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How to file for disability, Filing for SSI
Disability Requirements, Disability Status
How long is the wait?, Disability Application
The Social Security List of Impairments
Qualifying for Disability, Mental Disability
Disability Lawyer Info, Disability Back Pay

If I apply for disability and my doctor says I am disabled, is there a waiting period to receive benefits?



 
If I am designated disabled by a doctor and I am applying for SS disability benefits, is there any waiting period from the time of becoming disabled?



Social Security Disability is based upon two things: having at least one severe medical impairment AND the inability to work at a level considered to be SGA or substantial gainful activity. To see the current amount for SGA earnings, click here: How much can you earn and still get Social Security Disability?

If you meet the medical criteria for disability and have stopped working, or your earnings have been reduced to an amount below the SGA limit in effect for the year in question, you will be considered disabled and eligible to receive ongoing monthly disability benefits.

Regarding waiting periods, all Social Security Disability applicants have a five month waiting period, even if they have been determined disabled by a doctor. This waiting period is similar in concept to an elimination period on a private insurance policy.

Why does the Social Security waiting period exist? My guess would be that it was cost-savings mechanism. It basically serves the purpose of confiscating an approved claimant's first five months of disability benefits.



How does the five month waiting period work? Your disability benefits will begin with the six month following the month you became disabled, according to the determination rendered by the Social Security Administration (please bear in mind that this may not be the same date that you allege on your initial disability claim as the EOD, or established date of onset must be proven by the medical evidence and vocational evidence that is accumulated.

If you are filing for SSI disability, the SGA limit (the limit on how much you can work and earn while still remaining eligible to receive disability benefits) applies, but there is no waiting period. If you filed for SSI and are found disabled, then your disability benefits entitlement date is controlled by your date of filing.

I hope this is helpful.








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Related pages:

If Am Medically Disabled, Can Social Security Still Turn Me Down for Disability for Some Reason?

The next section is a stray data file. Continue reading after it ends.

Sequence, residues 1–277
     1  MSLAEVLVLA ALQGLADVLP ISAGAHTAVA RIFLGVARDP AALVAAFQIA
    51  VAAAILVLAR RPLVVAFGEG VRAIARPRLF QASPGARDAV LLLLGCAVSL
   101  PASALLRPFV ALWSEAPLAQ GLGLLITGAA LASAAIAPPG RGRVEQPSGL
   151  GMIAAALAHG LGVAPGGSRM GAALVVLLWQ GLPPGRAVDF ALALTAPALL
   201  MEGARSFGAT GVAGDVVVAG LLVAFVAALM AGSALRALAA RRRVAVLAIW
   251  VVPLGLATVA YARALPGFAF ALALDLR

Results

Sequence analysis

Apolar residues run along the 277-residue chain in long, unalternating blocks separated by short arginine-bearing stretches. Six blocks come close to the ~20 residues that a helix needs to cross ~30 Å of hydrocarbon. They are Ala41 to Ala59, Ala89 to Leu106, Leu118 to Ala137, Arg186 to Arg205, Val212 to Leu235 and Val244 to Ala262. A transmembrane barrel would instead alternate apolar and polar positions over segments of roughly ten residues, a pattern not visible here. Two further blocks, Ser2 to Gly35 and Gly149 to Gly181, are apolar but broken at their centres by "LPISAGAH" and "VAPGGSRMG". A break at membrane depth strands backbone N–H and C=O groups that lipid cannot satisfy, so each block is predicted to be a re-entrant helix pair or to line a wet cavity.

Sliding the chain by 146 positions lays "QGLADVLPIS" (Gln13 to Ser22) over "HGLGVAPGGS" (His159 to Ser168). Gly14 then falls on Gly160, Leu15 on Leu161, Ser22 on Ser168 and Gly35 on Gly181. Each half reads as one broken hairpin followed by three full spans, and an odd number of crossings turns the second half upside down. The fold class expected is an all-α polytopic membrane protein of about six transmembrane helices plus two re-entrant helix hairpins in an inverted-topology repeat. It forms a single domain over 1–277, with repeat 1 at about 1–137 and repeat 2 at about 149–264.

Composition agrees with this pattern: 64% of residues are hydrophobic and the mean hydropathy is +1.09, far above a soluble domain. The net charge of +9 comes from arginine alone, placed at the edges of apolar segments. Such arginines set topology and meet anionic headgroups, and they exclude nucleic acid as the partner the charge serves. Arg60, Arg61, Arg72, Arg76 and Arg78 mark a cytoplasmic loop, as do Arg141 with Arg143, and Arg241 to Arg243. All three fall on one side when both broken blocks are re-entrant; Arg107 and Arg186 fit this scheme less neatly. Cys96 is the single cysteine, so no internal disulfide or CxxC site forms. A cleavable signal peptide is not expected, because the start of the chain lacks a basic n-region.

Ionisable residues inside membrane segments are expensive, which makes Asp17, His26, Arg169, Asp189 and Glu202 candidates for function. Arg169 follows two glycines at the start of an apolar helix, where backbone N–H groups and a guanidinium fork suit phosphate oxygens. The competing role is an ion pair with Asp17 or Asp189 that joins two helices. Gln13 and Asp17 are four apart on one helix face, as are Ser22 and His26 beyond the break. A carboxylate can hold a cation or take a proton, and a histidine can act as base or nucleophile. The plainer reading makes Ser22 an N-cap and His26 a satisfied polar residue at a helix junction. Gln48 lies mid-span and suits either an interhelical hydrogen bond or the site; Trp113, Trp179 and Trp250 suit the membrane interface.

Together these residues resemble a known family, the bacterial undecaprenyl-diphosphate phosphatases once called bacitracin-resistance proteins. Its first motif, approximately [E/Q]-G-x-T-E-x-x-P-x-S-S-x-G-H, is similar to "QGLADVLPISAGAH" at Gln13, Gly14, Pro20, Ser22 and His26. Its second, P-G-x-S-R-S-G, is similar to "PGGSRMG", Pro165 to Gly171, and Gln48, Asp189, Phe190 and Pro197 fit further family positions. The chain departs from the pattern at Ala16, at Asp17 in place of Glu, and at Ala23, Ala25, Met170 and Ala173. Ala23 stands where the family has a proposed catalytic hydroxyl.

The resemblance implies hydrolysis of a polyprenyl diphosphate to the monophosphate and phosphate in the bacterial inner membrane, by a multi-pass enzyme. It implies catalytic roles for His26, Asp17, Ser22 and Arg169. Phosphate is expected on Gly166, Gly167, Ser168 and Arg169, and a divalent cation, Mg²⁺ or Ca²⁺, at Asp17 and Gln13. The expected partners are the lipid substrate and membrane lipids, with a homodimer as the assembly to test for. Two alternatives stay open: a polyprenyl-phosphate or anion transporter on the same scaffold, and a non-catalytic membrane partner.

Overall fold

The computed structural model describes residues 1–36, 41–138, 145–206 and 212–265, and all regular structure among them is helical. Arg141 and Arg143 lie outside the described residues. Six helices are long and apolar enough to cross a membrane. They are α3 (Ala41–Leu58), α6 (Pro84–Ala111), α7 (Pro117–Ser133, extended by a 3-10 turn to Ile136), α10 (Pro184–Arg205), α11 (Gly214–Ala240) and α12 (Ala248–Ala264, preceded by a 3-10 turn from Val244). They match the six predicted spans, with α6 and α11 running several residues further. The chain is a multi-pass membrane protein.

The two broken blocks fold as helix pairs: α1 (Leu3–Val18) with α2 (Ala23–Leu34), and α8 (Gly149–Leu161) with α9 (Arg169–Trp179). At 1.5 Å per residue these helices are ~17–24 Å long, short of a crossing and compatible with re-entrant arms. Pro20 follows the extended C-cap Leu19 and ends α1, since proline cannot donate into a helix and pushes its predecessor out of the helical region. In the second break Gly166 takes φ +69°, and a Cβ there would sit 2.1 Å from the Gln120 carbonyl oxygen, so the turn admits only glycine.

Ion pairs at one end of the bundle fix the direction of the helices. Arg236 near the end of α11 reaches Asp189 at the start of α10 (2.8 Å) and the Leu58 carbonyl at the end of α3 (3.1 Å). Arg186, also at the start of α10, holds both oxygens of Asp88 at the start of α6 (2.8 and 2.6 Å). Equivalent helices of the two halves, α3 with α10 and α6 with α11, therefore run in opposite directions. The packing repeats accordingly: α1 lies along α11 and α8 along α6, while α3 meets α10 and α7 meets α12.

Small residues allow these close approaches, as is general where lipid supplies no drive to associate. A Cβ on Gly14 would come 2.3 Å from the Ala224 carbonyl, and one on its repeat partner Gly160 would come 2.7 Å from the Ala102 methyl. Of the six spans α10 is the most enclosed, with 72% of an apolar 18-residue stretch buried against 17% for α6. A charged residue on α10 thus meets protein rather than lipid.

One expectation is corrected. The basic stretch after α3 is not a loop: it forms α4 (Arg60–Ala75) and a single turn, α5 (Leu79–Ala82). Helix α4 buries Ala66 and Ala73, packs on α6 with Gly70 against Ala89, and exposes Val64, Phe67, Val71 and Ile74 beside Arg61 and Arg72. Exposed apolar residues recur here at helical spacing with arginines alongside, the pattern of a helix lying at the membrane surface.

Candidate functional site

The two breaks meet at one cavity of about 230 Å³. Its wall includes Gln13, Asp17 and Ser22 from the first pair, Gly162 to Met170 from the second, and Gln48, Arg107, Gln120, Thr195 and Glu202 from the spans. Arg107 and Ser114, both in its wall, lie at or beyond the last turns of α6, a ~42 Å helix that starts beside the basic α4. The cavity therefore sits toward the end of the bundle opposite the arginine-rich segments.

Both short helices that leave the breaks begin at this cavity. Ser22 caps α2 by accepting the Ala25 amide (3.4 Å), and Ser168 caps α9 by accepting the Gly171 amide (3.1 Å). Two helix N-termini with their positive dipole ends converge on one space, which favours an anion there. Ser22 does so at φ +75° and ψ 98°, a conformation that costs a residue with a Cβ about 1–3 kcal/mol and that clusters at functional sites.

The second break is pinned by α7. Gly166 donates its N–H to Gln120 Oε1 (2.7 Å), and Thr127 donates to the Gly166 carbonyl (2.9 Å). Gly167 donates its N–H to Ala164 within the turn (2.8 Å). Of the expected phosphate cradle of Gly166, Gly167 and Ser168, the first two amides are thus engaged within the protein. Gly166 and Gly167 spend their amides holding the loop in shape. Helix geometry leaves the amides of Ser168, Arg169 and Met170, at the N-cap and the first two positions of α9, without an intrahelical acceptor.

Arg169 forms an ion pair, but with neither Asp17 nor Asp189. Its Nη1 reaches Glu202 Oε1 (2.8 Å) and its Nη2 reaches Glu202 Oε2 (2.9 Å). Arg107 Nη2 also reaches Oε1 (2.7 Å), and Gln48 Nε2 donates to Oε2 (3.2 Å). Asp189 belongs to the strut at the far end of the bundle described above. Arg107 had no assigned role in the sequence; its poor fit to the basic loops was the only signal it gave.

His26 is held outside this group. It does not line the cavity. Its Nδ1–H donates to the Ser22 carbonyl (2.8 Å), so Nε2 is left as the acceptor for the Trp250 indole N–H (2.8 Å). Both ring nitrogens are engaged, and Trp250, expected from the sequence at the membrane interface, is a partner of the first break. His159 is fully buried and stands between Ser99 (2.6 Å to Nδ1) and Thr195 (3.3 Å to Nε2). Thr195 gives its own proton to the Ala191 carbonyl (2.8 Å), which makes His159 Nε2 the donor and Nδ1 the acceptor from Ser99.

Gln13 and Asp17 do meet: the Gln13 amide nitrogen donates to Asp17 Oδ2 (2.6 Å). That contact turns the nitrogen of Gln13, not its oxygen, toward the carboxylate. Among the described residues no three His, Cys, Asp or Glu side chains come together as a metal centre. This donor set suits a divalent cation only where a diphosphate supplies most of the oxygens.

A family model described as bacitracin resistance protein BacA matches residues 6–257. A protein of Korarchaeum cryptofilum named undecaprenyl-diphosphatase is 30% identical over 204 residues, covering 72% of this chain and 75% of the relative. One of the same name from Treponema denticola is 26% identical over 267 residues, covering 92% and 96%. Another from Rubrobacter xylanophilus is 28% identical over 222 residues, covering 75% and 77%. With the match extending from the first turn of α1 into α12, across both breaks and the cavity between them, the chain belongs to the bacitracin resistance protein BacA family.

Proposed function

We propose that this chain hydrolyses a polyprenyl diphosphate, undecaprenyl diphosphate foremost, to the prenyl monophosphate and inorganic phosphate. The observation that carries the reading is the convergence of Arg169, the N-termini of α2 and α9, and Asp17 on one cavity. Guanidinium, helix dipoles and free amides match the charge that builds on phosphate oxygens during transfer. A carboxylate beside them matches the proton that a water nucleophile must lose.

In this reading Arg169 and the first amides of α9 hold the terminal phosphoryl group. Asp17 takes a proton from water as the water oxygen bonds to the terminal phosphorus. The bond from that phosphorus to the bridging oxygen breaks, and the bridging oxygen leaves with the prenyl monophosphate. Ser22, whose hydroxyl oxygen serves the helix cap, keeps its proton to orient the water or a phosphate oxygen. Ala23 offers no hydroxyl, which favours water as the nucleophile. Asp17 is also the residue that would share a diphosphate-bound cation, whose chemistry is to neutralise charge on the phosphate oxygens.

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If I apply for disability and my doctor says I am disabled, is there a waiting period to receive benefits?



These pages provide answers to basic questions about pursuing disability benefits

What is qualifying for disability based on?
What do you Need to Prove to Qualify for Disability Benefits?
Social Security Disability Status - when should I call to check
How do you prove your disability case if you have a mental condition?
What are the SSI disability qualifications for Adults and Children?
How Likely are You to Win Your Disability Case?
What Can I Do to Improve My Chances of Winning Disability Benefits?
Working while getting Disability - Is it Possible?
What is Social Security Back Pay?
What is the maximum back pay you can get for Social Security Disability?








For the sake of clarity, SSDRC.com is not the Social Security Administration, nor is it associated or affiliated with SSA. This site is a personal, private website that is published, edited, and maintained by former caseworker and former disability claims examiner, Tim Moore, who was interviewed by the New York Times on the topic of Social Security Disability and SSI benefits in an article entitled "The Disability Mess" and also by the Los Angeles Times on the subject of political attempts to weaken the Social Security Disability system.

The goal of the site is to provide information about how Social Security Disability and SSI work, the idea being that qualified information may help claimants pursue their claims and appeals, potentially avoiding time-consuming mistakes. If you find the information on this site helpful and believe it would be helpful to others, feel free to share links to its homepage or other pages on website resource pages, blogs, or social media. Copying of this material, however, is prohibited.

To learn more about the author, please visit the SSDRC.com homepage and view the "about this site" link near the bottom of the page.